Human-centred regulatory affairs

– using human-centred principles to unlock value in regulatory affairs
This article was originally co-authored by

22 April 2022

In regulatory affairs, we need a new way of working – one that is human-centred, cross-functional and insight-driven.

We foresee that automation will enhance the role of experts to better focus on dialogue with regulators, and regulatory strategies will be intelligence-driven and informed by social listening.

New teams will need new skills in data management, insight analysis and digital health. This will put regulatory affairs in a strong position to meet the demands of R&D and lift the strategic influence of regulatory affairs to the next level.

Going beyond technology – focus on the human aspect

Many life science companies take a technology-led approach to creating value in regulatory affairs. The current wave of document management platform roll-outs such as Veeva Vault, ArisGlobal’s LifeSphere and Amplexor’s LSSuite will establish a technical foundation for information management and business processes. However, technology alone will not deliver the desired improvements in productivity, quality and expert effectiveness.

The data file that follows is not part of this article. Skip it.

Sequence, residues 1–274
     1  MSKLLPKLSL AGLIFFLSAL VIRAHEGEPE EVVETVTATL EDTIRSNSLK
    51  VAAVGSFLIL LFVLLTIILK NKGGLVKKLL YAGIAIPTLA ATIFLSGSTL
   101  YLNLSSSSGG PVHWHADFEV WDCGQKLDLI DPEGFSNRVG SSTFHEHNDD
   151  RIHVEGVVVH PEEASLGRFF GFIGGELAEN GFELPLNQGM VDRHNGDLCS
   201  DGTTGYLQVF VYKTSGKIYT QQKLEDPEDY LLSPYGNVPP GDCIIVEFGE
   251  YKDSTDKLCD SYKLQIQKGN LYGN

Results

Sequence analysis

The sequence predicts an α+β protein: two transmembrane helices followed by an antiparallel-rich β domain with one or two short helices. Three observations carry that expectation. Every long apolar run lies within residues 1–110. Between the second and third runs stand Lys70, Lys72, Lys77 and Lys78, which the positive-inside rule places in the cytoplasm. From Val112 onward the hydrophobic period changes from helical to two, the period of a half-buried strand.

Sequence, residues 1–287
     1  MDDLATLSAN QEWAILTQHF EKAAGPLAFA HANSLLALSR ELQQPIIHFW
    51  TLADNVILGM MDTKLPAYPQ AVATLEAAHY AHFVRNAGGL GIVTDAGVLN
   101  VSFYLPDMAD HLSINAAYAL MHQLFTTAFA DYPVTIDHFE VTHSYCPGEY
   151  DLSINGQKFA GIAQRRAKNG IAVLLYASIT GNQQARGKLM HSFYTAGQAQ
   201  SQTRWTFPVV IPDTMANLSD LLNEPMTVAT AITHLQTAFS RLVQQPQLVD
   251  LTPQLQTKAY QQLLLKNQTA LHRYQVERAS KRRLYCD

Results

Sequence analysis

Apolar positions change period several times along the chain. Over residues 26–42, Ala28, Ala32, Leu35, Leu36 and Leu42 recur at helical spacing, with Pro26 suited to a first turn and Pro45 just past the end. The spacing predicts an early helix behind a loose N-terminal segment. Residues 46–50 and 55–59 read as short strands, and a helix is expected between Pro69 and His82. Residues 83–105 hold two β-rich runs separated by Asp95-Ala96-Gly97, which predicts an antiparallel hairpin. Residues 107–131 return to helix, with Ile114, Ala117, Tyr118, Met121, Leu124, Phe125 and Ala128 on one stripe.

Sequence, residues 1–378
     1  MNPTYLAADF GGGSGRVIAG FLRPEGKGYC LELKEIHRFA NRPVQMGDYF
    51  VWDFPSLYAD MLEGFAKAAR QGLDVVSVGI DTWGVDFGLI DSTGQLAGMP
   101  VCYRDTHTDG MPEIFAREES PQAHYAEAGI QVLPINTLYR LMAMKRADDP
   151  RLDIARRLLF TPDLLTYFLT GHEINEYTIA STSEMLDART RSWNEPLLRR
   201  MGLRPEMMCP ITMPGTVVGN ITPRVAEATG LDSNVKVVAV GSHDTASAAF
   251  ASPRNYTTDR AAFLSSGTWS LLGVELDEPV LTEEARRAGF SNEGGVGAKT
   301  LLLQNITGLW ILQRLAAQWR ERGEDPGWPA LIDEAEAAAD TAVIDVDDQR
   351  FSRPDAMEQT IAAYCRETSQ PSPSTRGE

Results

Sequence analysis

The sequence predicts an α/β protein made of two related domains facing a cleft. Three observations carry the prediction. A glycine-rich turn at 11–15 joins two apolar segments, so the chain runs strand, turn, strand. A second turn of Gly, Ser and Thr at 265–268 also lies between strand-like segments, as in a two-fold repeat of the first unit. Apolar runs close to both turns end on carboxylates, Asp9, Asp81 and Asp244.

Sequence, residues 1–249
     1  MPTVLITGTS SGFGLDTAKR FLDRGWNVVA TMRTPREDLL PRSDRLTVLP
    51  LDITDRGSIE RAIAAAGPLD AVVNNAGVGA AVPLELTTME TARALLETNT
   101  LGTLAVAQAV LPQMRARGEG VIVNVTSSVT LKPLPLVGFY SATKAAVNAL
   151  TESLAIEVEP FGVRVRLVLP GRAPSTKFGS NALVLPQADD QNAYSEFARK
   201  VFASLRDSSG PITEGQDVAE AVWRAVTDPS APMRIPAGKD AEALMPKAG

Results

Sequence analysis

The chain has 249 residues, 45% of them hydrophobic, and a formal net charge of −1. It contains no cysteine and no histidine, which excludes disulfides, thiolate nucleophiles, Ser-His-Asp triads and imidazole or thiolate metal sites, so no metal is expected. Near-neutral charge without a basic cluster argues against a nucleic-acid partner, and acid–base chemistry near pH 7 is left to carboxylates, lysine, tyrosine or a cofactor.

We must focus on the human aspects in newly digitised regulatory functions to realise the potential business benefits. Leaders of regulatory affairs need to ask how they can reorientate specialists to higher value tasks; what new ways of working will drive empowerment and innovation; and how to retain and attract the best regulatory affairs talent.

The role of regulatory affairs

The prime objective of regulatory affairs is to get products successfully registered and approved by the appropriate health authority. A large part of the job is to plan and manage submission dossiers, including collecting data and preparing documentation.

Regulatory teams must also analyse global and local policies and regulatory trends, develop regulatory strategies and manage and track regulator interactions.
In regulatory affairs, there is a dichotomy in the fact that practitioners are highly trained scientists, yet the job may demand a disproportionate amount of time performing repetitive, document-checking tasks.

Therefore, it is crucial to free up time and redesign the role of regulatory specialists to realise the return on investment in new technology.

Regulatory affairs is changing

When we work with regulatory affairs, we aim to “do more with less”, creating capacity and agility to meet the increased productivity of R&D and handle innovation.